COLUMBIA, Mo. (AP) — Faced with a national shortage of rural physicians, heavy but unmet demand from would-be doctors and limited classroom space, the University of Missouri wants to expand its medical school with a second campus in Springfield.
The Columbia-based School of Medicine joined health care providers CoxHealth and Sisters of Mercy Health to support a clinical campus in southwest Missouri. The program would provide third- and fourth-year medical students who started their training in Columbia with hands-on experience treating patients at two Springfield hospitals, under the supervision of doctors at CoxHealth and St. John’s Hospital, which is owned by the Mercy Health system. The plan was outlined Friday afternoon at a news conference at the Springfield Area Chamber of Commerce.
“You literally require more patients to build up a medical school,” said Steve Edwards, president and chief executive officer for CoxHealth. “And Springfield is one of the largest cities in the country without a medical school.”
Most of the medical school’s physical expansion would occur in Columbia, which now admits just 96 new students each year from 1,500 applicants.
That makes the medical school at the state’s largest university roughly half the size of peer institutions at St. Louis University, Kansas City University of Medicine and Biosciences and even the Kirksville College of Osteopathic Medicine at A.T. Still University, in terms of student enrollment. Under the proposed expansion, Missouri would boost its first-year class by 32 students, a one-third increase.
And doctors trained in Columbia— nearly 45 percent — are more likely to remain in the state after they graduate, said Weldon Webb, associate dean for rural health at the University of Missouri School of Medicine.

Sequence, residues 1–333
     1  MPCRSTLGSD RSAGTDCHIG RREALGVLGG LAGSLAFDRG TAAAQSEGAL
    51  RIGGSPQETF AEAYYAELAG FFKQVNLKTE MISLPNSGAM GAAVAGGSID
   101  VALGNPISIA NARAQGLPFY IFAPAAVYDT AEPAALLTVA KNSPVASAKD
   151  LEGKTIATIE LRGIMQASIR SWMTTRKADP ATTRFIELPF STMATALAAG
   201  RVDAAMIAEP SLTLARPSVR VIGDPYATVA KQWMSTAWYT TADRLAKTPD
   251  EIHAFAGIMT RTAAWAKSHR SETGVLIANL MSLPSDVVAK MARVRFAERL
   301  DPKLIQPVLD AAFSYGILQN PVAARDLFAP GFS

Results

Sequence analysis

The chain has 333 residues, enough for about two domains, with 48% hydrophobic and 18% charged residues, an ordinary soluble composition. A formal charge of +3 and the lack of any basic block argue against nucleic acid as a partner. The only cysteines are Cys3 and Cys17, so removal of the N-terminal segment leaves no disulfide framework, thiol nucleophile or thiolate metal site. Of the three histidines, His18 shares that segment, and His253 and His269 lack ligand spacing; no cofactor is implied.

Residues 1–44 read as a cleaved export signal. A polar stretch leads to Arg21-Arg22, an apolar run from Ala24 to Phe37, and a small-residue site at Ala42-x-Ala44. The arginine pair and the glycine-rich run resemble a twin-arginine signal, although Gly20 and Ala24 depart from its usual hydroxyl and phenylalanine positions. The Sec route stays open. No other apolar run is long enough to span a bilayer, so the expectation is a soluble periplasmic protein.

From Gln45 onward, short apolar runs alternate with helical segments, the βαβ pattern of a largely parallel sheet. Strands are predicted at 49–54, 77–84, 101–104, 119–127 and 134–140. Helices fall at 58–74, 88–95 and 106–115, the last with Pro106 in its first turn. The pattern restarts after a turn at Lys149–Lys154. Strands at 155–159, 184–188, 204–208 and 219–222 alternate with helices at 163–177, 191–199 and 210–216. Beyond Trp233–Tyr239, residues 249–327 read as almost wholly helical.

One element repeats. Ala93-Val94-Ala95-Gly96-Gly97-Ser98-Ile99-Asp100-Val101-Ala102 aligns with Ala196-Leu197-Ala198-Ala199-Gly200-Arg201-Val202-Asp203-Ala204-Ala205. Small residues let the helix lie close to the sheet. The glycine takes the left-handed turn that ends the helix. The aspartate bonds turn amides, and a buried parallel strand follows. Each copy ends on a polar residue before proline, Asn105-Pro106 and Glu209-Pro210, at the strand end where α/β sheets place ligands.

“We’re the No. 1 provider of practicing physicians in the state, even though we are one of the smaller programs in Missouri,” he said.
Edwards and other boosters of the Springfield program note that the region is growing faster than the rest of the state, particularly in the resort town of Branson and communities near Table Rock Lake. A recent Missouri Hospital Association report shows the state’s rural areas have fewer primary care physicians per person than urban ones, with a disproportionate share of rural doctors approaching retirement age.
“We forecast future needs that will outstrip our ability to serve the region,” Edwards said.
An economic impact study commissioned by the Springfield-Green County Regional Health Commission suggests that construction alone would add 475 jobs and $56.5 million to the state’s economy, with the full impact once trained doctors are in place considerably higher.
The flip side of that good news? A new medical education building in Columbia would cost $30 million, with another $10 million in additional operating costs each year. That could be a tough sell in Jefferson City, where earlier this year Gov. Jay Nixon proposed a $106 million cut to higher education in the next fiscal year. A $40 million contribution from the national mortgage fraud settlement reduced that planned cut, and state lawmakers have largely agreed on a budget that would spare public colleges and universities from any reductions.
Campus building projects have floundered in recent years, with failed efforts to tap into federal stimulus funds and money from Missouri’s student loan agency, including a long-sought replacement for the aging Ellis Fischel Cancer Center, a part of the University of Missouri’s flagship campus in Columbia.
“The big issue is funding,” said Webb, who added that the project could benefit from federal grants and a hoped-for robust private fundraising effort in southwest Missouri.
A Nixon spokesman declined an interview request Friday afternoon.
The doctors-in-training would be evenly split among the two Springfield hospitals, Edwards said, expanding the medical school’s footprint in southwest Missouri, where MU students have helped staff rural clinics in towns such as Monett, Aurora and Mt. Vernon since 2005.
Webb said the university was initially contacted by the Springfield hospitals, with the parties signing an agreement in 2010. Edwards said the hospitals had been approached by four potential medical school partners “of varying stature,” but the decision to work with MU was an easy one.
He added that the project has received favorable reviews in informal discussions in the Capitol, though no specific funding request has been made. He summarized the pitch to lawmakers: “It’s about expanding access to healthcare, it’s about education and it’s about economic opportunity.”
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